An elderly Spalding woman with dementia who went missing, sparking a huge search operation, died as a result of going into very cold water.
The inquest of Valerie Ann Bycraft was reported on by Nigel Chapman for Lincolnshire Reporter.
Scores of members of the public – many who had no connection to Valerie’s family and friends – joined police in scouring the Fulney area for her last March. Appeals for help and images of her were shared hundreds of times on social media.
Sadly, the 78-year-old’s body was found the day after she had been reported missing, in a water-filled ditch not far from the speed camera on the A16 Spalding bypass.
A resumed inquest into Mrs Bycraft’s death, held at Boston Coroner’s Court on Wednesday, heard that it was not as a result of drowning. She had been found on her back in the water and a pathologist said that being immersed in very cold water had brought on cardiac arrhythmia.
Det Insp David Rimmer, of Lincolnshire Police, told the hearing a call had been received reporting Mrs Bycraft missing from her Thames Road home at 10.14am on March 18. It was quickly identified as a high-risk case with lots of manpower and resources, including a police helicopter and drones, deployed.
Mrs Bycraft, a retired landworker and factory worker, had last been seen at home at 6.40pm the previous night. A carer had paid two visits to her that evening and both times locked the door as she left and put the key in a key safe.
In written evidence, the carer said on both occasions when she arrived Mrs Bycraft had been standing at the open front door, which was not normal.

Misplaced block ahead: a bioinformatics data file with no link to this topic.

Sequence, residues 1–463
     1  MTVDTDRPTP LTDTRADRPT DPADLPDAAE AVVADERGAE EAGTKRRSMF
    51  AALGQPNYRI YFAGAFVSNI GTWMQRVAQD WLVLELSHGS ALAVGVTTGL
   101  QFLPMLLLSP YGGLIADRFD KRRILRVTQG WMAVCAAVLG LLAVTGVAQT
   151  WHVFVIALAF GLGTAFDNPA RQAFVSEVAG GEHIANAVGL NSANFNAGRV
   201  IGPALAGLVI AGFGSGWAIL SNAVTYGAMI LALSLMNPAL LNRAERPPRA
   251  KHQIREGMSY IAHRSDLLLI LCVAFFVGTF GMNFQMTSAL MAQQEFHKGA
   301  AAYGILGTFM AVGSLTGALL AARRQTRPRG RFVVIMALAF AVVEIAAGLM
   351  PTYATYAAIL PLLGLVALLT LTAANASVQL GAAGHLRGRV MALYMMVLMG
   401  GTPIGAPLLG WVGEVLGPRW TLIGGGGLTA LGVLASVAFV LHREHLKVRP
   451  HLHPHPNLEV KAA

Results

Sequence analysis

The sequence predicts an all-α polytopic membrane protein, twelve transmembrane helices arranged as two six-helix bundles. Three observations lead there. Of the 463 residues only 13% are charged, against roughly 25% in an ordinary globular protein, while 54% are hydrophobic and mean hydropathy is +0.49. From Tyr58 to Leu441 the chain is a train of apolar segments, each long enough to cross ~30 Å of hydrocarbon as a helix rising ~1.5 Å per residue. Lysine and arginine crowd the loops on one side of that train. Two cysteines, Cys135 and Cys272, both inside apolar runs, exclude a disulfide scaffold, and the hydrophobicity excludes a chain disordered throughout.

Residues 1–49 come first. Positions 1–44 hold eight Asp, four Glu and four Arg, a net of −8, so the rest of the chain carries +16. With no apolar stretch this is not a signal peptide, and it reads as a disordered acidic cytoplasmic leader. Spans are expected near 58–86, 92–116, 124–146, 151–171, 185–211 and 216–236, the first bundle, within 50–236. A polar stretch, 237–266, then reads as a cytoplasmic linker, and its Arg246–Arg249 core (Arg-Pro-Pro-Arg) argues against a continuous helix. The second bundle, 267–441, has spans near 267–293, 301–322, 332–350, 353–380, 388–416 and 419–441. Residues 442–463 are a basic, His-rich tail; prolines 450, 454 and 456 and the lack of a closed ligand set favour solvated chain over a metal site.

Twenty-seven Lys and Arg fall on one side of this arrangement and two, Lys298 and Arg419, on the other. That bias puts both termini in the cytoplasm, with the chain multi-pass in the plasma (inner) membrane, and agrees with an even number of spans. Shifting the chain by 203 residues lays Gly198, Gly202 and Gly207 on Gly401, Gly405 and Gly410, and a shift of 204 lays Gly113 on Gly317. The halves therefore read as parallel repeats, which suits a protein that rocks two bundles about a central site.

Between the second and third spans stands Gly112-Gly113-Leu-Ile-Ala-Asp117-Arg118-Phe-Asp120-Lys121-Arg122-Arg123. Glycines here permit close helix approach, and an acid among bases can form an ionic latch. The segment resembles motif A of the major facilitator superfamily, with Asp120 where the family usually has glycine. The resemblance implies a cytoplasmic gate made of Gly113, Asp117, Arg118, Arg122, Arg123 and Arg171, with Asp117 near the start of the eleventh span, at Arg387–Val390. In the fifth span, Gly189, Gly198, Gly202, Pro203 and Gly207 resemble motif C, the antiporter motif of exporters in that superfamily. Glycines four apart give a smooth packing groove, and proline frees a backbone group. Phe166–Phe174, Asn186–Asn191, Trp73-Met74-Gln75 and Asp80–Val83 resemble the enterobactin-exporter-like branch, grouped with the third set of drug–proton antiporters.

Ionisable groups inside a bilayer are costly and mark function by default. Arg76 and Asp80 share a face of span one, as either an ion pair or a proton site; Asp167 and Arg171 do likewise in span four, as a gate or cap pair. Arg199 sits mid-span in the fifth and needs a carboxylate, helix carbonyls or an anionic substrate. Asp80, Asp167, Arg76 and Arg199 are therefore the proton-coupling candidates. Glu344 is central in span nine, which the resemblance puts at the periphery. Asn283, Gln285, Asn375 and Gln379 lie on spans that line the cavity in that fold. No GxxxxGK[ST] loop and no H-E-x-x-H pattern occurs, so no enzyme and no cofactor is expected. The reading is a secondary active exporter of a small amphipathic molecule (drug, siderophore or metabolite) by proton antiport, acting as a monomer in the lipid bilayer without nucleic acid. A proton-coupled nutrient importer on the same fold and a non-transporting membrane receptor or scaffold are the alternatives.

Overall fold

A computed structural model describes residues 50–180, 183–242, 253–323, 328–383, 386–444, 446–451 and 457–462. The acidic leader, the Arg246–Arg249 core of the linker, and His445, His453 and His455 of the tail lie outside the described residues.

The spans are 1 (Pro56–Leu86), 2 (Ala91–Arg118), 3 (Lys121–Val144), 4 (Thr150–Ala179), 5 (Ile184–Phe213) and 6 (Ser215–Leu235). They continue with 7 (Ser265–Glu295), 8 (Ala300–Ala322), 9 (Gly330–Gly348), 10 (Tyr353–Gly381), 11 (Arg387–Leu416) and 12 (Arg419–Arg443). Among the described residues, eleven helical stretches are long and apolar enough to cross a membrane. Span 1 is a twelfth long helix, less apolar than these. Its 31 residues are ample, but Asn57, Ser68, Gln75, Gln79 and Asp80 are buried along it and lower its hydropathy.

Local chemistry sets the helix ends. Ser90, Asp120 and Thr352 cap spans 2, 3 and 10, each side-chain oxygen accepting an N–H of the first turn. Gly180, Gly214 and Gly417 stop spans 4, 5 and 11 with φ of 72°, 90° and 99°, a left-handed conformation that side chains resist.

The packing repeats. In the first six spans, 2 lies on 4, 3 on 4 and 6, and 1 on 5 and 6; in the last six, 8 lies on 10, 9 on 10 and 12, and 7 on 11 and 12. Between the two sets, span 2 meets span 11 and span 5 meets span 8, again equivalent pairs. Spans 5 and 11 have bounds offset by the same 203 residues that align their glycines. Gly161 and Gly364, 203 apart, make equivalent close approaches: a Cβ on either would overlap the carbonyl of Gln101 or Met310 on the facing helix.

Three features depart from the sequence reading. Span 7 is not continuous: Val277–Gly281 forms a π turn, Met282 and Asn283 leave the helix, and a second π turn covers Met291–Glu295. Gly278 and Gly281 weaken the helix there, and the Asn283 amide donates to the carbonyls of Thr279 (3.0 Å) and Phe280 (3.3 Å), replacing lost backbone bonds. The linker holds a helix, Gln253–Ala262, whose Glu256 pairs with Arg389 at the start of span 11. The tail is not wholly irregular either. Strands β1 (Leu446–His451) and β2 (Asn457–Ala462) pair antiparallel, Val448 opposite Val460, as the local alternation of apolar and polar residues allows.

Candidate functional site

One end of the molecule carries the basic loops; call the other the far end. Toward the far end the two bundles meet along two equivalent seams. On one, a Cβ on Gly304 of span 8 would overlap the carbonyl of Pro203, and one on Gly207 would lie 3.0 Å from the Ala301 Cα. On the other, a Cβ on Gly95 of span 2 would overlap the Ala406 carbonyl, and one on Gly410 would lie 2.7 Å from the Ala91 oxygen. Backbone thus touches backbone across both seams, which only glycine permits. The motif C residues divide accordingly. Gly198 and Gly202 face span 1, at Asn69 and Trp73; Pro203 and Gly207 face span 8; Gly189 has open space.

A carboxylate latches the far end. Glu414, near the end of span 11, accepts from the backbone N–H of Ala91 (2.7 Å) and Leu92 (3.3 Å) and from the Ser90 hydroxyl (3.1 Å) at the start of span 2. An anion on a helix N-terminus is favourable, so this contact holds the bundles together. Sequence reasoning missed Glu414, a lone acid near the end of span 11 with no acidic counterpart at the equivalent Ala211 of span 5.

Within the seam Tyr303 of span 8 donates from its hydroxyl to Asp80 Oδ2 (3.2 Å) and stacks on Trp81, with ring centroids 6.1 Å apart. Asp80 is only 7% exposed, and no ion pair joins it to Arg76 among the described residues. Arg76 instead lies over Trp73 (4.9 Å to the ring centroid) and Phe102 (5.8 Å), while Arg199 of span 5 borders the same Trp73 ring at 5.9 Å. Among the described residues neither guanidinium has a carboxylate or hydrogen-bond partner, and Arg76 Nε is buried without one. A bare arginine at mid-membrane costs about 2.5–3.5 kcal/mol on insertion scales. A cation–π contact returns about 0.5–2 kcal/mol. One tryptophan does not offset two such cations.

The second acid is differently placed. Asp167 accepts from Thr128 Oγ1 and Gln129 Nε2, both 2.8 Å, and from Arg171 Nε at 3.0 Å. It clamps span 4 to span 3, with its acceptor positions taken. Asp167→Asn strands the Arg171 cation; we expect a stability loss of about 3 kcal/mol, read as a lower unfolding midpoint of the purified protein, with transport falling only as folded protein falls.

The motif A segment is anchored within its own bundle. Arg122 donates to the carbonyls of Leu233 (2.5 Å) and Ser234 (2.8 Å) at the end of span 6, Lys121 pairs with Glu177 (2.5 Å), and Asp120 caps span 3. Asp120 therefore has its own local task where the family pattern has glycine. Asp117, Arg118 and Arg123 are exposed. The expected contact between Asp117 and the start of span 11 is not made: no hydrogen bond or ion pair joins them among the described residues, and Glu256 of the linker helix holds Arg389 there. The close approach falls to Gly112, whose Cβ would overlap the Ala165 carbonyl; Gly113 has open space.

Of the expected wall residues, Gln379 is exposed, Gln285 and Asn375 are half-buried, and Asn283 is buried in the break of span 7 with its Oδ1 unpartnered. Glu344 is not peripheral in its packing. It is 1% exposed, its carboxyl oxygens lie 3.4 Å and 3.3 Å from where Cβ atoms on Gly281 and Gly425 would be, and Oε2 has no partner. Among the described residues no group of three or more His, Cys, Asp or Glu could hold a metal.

“There was nothing unusual about her apart from her being stood at the door with the door open,” she said.
Det Insp Rimmer said CCTV showed Mrs Bycraft spotted sitting on a wall near Acacia Stores in Acacia Avenue at 11.01pm and a bit further down the street at 11.45pm.
The final footage came to light after her body was found and showed her just after midnight on Low Road, which leads towards the A16 bypass.
Family friend Steven Bertolaso had seen Mrs Bycraft minutes earlier in the Chestnut Avenue area but knew her son Timothy lived in that area so did not think it odd. He called police with the sighting as soon as he heard she was missing the following day.
There were no other confirmed sightings of Mrs Bycraft and it’s believed that she died that night, although her body wasn’t discovered until about 9.30pm on March 19.
Assistant coroner Marianne Johnson gave a narrative conclusion, saying that Mrs Bycraft had died from immersion in water.
She told family members present: “She was well supported by all of the family. From all the evidence it’s clear that it’s a very tight-knit and close family.
“There were a lot of good friends and family who joined members of the public willing to go and help. They should all be congratulated, along with the police. It was a very difficult time for you and to get that level of support for you, I think, was fantastic.”
Speaking after the hearing, the family said: “We would like to thank all of the members of the public and police for what they did. Everybody rallied around to help.”